Doug Gilmour just wouldn't let the Toronto Maple Leafs lose. The little guy with the giant heart and the purple welt under his right eye had found some reservoir of strength at the most preposterously critical time—the seventh game of a playoff series—and for 62� minutes he dominated one of the best hockey games of this or any other year. His appreciative teammates knew it. As Gilmour, a small cut over his eyebrow contrasting with the discolored bruise beneath it, was patiently answering questions about Toronto's improbable overtime victory in Detroit, which eliminated the favored Red Wings last Saturday, one teammate after another walked past and nudged him on the arm. "Unbelievable, buddy," said one.
A minute passed. "Unbelievable," said the next.
It was the word of choice to describe Gilmour's heroics in the Octopus's Garden, otherwise known as Detroit's Joe Louis Arena, where Red Wing fans traditionally toss eight-armed creatures onto the ice for luck. Despite being checked by two of the best centers in the game, Steve Yzerman and Sergei Fedorov, the scrappy Gilmour was involved in all four of Toronto's goals. The Red Wings, meanwhile, were unable to score with Gilmour on the ice.
He was everywhere, in the middle of every scoring opportunity, a pebble in every Red Wing skate. The 29-year-old Gilmour double-shifted, playing with Glenn Anderson and Dave Andreychuk on one line and with Wendel Clark and Nikolai Borschevsky on another, and somehow never got tired. "The more I played, the more I wanted to play," he said. "You don't get tired at this time of year."
With the Leafs trailing 3-2, the Red Wings in a defensive shell and just 2:43 remaining, it was Gilmour who sent the game into overtime, somehow breaking free from Yzerman and beating Detroit goaltender Tim Cheveldae cleanly off a feed from Clark. Then early in sudden death, moments after a Red Wing fan had heaved yet another octopus onto the ice, it was Gilmour who dug a loose puck out of the corner and found defenseman Bob Rouse open at the point. Rouse's shot was tipped in by the unlikeliest of heroes, the 27-year-old Borschevsky, who had missed the previous five games of the series after breaking the orbital bone beneath his right eye. Borschevsky's goal gave the Leafs their first series win since 1987 and propelled them into the Norris Division finals against the well-rested St. Louis Blues, who had ousted the Chicago Blackhawks in four games. On Monday in Toronto the Leafs beat the Blues in the first game of that series, 2-1.
The Toronto- Detroit matchup was characterized by such violent changes in momentum that in these two cities so rich in hockey lore, fans and newspaper wags who might otherwise have been expected to know better kept falling off the bandwagons. After the Wings took the first two games at home with relative ease, 6-3 and 6-2, the Leafs, who hadn't defeated the Wings in the playoffs since 1964, were written off in both Detroit and Toronto. They were too slow, too dependent on the Gilmour-Andreychuk-Anderson line, and, most obviously, too tired. Coach Pat Burns, in his first year with the Leafs after leaving Montreal, had pushed them so hard in the regular season—they had improved 32 points from a year ago—that he squeezed all the juice from a team that was looking like a pulpless rind.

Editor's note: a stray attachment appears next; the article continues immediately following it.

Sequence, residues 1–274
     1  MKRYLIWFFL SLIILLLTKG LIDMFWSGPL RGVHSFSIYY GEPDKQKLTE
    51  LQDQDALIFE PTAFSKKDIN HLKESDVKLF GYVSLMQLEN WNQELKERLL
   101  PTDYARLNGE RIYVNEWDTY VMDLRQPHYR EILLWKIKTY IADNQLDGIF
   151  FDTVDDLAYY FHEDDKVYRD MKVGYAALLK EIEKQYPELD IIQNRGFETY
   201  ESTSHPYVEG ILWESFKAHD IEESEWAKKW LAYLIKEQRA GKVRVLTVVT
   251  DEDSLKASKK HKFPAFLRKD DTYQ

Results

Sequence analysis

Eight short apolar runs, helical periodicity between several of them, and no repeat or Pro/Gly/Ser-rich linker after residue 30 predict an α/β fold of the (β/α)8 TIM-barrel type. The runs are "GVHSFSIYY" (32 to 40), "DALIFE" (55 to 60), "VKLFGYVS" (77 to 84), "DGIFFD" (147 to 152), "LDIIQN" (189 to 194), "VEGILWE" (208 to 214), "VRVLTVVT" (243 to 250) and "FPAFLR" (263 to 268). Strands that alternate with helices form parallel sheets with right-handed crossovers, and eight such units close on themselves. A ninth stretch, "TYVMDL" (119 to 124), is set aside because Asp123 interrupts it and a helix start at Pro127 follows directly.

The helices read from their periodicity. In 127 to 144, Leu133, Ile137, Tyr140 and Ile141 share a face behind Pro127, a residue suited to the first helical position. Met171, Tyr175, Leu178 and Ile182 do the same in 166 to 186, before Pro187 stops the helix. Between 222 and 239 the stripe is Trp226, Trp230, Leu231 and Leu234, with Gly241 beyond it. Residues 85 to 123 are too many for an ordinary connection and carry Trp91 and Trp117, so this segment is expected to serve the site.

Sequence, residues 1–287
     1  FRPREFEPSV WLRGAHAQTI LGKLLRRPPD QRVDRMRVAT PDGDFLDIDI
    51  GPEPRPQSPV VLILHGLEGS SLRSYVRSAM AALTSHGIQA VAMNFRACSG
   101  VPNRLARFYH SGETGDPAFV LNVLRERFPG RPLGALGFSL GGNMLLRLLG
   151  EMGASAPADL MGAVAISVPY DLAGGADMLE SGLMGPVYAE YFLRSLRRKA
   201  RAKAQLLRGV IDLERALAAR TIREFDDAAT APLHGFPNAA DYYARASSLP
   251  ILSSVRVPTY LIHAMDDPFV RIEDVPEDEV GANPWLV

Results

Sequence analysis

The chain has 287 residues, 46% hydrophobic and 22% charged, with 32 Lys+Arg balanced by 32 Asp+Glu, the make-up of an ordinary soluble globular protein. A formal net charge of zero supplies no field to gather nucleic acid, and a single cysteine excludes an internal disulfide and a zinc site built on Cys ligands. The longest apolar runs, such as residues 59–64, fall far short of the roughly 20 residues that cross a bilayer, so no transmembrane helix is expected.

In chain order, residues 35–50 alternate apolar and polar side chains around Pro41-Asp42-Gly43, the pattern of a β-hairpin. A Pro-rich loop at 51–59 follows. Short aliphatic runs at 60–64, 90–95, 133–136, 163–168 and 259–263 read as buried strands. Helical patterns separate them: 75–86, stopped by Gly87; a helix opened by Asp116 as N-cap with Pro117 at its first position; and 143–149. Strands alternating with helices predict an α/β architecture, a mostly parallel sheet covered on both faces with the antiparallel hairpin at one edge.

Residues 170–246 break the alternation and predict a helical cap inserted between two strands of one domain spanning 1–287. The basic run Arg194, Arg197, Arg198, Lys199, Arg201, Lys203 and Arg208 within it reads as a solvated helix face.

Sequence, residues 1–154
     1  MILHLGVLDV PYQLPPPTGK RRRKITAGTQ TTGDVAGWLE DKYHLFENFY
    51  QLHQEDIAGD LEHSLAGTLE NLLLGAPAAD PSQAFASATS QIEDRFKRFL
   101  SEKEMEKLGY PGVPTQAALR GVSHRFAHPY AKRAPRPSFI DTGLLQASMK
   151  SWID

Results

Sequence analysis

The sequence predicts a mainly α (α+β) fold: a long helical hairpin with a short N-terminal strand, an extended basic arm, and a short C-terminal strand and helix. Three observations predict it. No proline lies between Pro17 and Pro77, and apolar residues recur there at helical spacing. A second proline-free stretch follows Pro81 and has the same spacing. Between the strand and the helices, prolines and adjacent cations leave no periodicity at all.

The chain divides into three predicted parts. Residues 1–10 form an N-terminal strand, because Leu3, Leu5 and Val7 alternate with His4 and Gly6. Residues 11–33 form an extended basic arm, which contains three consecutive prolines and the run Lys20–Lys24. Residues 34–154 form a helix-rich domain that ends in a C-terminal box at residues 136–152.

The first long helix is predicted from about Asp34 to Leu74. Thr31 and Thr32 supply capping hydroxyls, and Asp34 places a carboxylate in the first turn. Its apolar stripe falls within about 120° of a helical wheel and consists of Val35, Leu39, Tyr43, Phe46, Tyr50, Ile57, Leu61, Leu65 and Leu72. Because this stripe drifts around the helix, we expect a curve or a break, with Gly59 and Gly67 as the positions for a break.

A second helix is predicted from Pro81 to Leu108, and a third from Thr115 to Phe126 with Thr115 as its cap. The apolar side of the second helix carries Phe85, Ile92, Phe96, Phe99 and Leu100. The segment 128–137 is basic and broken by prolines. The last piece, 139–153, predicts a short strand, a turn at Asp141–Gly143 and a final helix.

Clark, the Leafs' captain, once one of the toughest players in the league, was playing like a ghost of his former self. So ineffective was he in Games 1 and 2 that pundits in the Detroit press began calling him Wendy, a slight that would come back to haunt them. Asked what he could do to provide more inspiration and leadership when the Leafs returned home, Clark scratched his head and muttered these fighting words: "That's too deep for me. I'm just a farmer."
"Our players read all that stuff in the papers and believed it," moaned Detroit's coach and general manager, Bryan Murray. "It didn't matter how many times we told them they'd see a different team in Toronto. And Burns convinced everyone those guys were the underdogs."
The Leafs, of course, were the underdogs. But despite trailing 2-0 in games, they were not about to die easily. Burns's teams are characterized by their hard-nosed, disciplined defensive play, a style that is well suited to the playoffs. And all season the Leafs, who had as many as nine new players in their lineup from a year ago, had matched up well against the Wings. They had split their regular-season series with three wins each, plus a tie. Detroit ended the season with 103 points, the fifth-best record in the league; revamped Toronto was eighth best, with 99 points. Detroit was the NHL's highest-scoring team; Toronto was the second-best defensive club. Most important, in the net Toronto had 21-year-old rookie Felix (the Cat) Potvin, who sported the lowest goals-against average in the league, 2.50. Detroit had Cheveldae, who entered these playoffs with a spotty 6-11 postseason record. And as everyone knows, goaltending wins playoff games.
Sure enough, goaltending was one of the keys to Games 3 and 4, as Potvin held the Wings to a pair of goals in both games, and the Leafs evened the series with 4-2 and 3-2 wins in Maple Leaf Gardens. Farmer Wendy scored a goal and an assist and generally threw his oft-injured 26-going-on-46-year-old body around with sufficient gusto to be named first star one night and number two star the next.